Google’s Sundar Pichai tells graduates to ‘be impatient’ in commencement speech

Google’s Sundar Pichai tells graduates to ‘be impatient’ in commencement speech
As school years come to an end, remote learning has given way to virtual graduation ceremonies. YouTube hosted a star-studded livestream today with the likes of President Obama, Billie Eilish, and Beyoncé. Sundar Pichai also took part with a commencement speech and shared his advice for the next generation. The Alphabet and Google CEO started…

As school years come to an end, remote learning has given way to virtual graduation ceremonies. YouTube hosted a star-studded livestream today with the likes of President Obama, Billie Eilish, and Beyoncé. Sundar Pichai also took part with a commencement speech and shared his advice for the next generation.

The Alphabet and Google CEO started by recognizing the oddity of of giving a “commencement speech with no live audience” from his backyard, noting that it provided him with a “much deeper understanding for what our YouTube Creators go through.”

“You will prevail” was Pichai’s general sentiment during the seven-minute address:

The reason I know you’ll prevail is because so many others have done it before you. One hundred years ago, the class of 1920 graduated into the end of a deadly pandemic. Fifty years ago, the class of 1970 graduated in the midst of the Vietnam War. And nearly 20 years ago, the class of 2001 graduated just months before 9/11.

There are notable examples like this. They had to overcome new challenges, and in all cases they prevailed. The long arc of history tells us we have every reason to be hopeful.

He observes how, “It’s very conventional for every generation to underestimate the potential of the following one.”

It’s because they don’t realize that the progress of one generation becomes the foundational premise for the next. And it takes a new set of people to come along and realize all the possibilities.

Pichai goes on to talk about technology and the rapid innovation that has occurred:

By contrast, you grew up with computers of all shapes and sizes. The ability to ask a computer anything, anywhere—the very thing I’ve spent my last decade working on—is not amazing to you. That’s OK, it doesn’t make me feel bad, it makes me hopeful!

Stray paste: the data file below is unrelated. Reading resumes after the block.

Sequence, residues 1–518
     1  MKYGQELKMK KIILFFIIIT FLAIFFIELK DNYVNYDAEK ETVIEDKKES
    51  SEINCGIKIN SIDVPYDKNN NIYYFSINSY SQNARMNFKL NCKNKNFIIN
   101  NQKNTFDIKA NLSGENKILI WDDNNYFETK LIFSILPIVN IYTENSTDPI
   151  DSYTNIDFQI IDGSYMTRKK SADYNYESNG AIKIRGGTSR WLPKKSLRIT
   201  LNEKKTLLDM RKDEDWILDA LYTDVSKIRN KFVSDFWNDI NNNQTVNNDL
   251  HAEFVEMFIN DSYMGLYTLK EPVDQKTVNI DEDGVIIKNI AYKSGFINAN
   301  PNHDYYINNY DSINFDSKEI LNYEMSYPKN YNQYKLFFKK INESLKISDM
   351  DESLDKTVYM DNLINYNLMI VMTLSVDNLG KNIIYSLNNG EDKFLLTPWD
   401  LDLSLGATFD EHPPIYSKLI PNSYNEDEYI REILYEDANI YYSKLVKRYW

The second tenet of his speech — particularly addressed to those pursuing a career in the technology industry — is to “be impatient.”

There are probably things about technology that frustrate you and make you impatient.

Don’t lose that impatience. It will create the next technology revolution and enable you to build things my generation could never dream of.

You may be just as frustrated by my generation’s approach to climate change, or education. Be impatient. It will create the progress the world needs.

Lastly, Pichai touches upon his “deep passion” for tech — specifically how “the more access my family had to technology, the better our lives got” — and that this informed his desire to “bring technology to as many others as possible.” He originally thought that could be achieved by “helping build better semiconductors.”

Sundar at Stanford

However, he arrived at Standard for his M.S. in material sciences and engineering amidst the internet “literally being built all around [him].”

It took me a while to realize that the internet would be the single best way to make technology accessible to more people. As soon as I did, I changed course and decided to pursue my dreams at Google.

Inspired by the wonder that first browser created in me, I led the effort to launch one—called Chrome—in 2009, and drove the effort to help Google develop affordable laptops and phones so that a student growing up, in any neighborhood or village, in any part of the world, could have the same access to information as all of you.

Pichai closed his commencement speech with the following message:

The only thing that got me from here to there—other than luck—was a deep passion for technology, and an open mind.

So take the time to find the thing that excites you more than anything else in the world. Not the thing your parents want you to do. Or the thing that all your friends are doing. Or that society expects of you.

I know you’re getting a lot of advice today. So let me leave you with mine:

Be open … be impatient … be hopeful.

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